“This is the heart of the city of Las Vegas,” says Patrick Hughes, gazing across Fremont Street. Below, tourists swing their footlong Margaritas and a busker croons Lionel Richie tunes as a pair of zipliners fly by, shrieking. It’s not just a view for the new president of the Fremont Street Experience, it’s a calling. “The history and personality of this area are very important,” he says.
The Fremont Street Experience turned 20 a few months ago and, coincidentally, it’s also the 20th anniversary of Hughes’ arrival in Las Vegas—and on Fremont Street. “When I moved, I had never actually been here before. I didn’t know where to stay, I didn’t know what was good or bad or ugly,” he says. “I ended up choosing a motel on Fremont Street and Ninth Street. So when I arrived that night, [I] dropped off my bags and went out and turned right on Fremont Street and walked toward this thing.” He gestures at the Viva Vision canopy.
Fittingly for a man in charge of a street filled with casinos, the Dublin-born Hughes began his career at the craps and roulette tables. “I had traveled the world working in casinos as a dealer or manager; at the age of 24, I came to Vegas and started dealing again,” he explains. Hughes closed the Desert Inn as a roulette dealer—and immediately went to open the Resort at Summerlin as a gaming manager. He became the vice president and general manager of the Cannery, an experience that he feels relates well to his current position. “Because of its isolation, the owners needed to put a stamp on it, and entertainment was their way. So we strongly promoted that as an overall entertainment venue for North Las Vegas. And we did a lot of work in the community to get people to understand that the Cannery cares about the community. An emotional connection to the brand was created.”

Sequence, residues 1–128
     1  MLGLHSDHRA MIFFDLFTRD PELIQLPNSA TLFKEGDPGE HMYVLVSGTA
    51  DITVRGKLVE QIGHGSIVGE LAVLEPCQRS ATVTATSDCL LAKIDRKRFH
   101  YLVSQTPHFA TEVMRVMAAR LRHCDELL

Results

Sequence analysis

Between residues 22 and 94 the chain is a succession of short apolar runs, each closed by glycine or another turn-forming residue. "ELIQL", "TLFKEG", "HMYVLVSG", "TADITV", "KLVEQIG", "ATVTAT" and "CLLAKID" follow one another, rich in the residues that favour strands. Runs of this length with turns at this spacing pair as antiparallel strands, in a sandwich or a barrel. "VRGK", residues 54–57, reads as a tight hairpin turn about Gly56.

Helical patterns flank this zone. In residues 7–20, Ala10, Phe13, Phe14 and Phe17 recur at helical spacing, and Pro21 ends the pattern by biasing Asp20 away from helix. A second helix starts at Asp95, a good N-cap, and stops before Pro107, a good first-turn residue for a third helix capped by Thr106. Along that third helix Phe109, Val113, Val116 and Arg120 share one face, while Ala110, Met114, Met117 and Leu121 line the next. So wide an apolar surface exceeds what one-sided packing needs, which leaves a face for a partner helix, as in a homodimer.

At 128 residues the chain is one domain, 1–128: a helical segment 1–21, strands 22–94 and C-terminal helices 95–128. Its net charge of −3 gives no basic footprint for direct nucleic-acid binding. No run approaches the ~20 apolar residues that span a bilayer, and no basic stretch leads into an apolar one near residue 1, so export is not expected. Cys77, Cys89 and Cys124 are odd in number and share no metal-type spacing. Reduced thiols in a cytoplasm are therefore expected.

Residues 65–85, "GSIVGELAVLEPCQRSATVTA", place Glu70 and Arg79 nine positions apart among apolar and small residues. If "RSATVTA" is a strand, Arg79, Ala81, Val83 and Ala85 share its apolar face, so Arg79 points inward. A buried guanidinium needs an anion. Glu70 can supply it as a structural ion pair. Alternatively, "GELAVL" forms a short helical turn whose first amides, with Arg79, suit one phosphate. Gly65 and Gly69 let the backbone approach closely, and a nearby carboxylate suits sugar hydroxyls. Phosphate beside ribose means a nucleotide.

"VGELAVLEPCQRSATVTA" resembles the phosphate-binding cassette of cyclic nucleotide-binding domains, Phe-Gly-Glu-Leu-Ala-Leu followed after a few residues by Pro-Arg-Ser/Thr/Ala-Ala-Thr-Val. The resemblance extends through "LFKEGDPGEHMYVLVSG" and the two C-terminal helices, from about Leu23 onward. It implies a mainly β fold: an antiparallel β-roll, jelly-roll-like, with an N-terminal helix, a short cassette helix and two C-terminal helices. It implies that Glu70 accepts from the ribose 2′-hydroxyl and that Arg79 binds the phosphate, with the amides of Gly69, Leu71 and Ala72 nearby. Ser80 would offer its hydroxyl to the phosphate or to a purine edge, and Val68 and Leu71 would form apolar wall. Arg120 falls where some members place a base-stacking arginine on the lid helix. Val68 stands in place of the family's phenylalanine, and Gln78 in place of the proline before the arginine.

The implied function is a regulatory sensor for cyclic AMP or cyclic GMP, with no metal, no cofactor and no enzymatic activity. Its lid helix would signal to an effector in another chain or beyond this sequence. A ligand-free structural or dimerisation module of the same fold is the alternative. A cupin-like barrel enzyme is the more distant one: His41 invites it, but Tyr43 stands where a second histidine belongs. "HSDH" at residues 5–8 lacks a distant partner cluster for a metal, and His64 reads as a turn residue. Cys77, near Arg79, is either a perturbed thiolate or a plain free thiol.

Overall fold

“There are certain aspects and new forms of entertainment that I’d love to see, but it’d be wrong of me to come in without learning the environment first.” – Patrick Hughes
Hughes hopes to create that same kind of community and connection Downtown by expanding what Fremont Street has to offer. “One of the immediate challenges is upgrading the Viva Vision canopy itself,” he says, noting that the once cutting-edge technology is now outdated. “I’d love to see more of an interactive display up there.” He would also like to expand the Fremont Street Experience’s programming. “We are music-heavy right now—I’d love to see more interactive events. But I know there have been so many events other than pure music that have been tried on the street. I need to learn what the challenges were—the successes, the failures.”
In the first few weeks of his new gig, Hughes acknowledges that he has been doing a good bit of learning. “There are certain aspects and new forms of entertainment that I’d love to see,” he says, “but it’d be wrong of me to come in without learning the environment first. … I’m not the expert by far.”
Another aspect that can pose challenges is working with the group of casinos and casino owners who make up the Fremont Street Experience’s board—the Golden Nugget, the Golden Gate, the D, Binion’s and the Fremont are all seeking the same customers in the same market. Hughes acknowledges that “the board of directors consists of competitors. Yet there are specific goals they share. That’s really the function of the Fremont Street Experience: to create and execute events that bring more bodies down to Fremont Street.”
One of his main efforts will be making sure that visitors aren’t waiting until sundown to show up on Fremont. “As you can see, foot traffic during the day is a lot less than at night. But once the lights are turned on, people come in droves. So one of our challenges will be what can we do on the street to get more bodies here during the day. [It’ll be a matter of] getting the creative team together and really get those juices flowing—a bottle of whiskey usually does it,” he says, grinning and gesturing at a bottle of Jameson on a corner table. “Irish whiskey, of course.”
While he may still be learning the ropes of his new job, Hughes isn’t sitting on the sidelines. “There are two words I don’t like using,” he says. “One is ‘waiting’ and the other is ‘hoping,’ because if you’re waiting and hoping, nothing’s happening.” And there is a lot happening on Fremont Street. “It’s the best of the city here,” Hughes proclaims. “Come on down and join us.”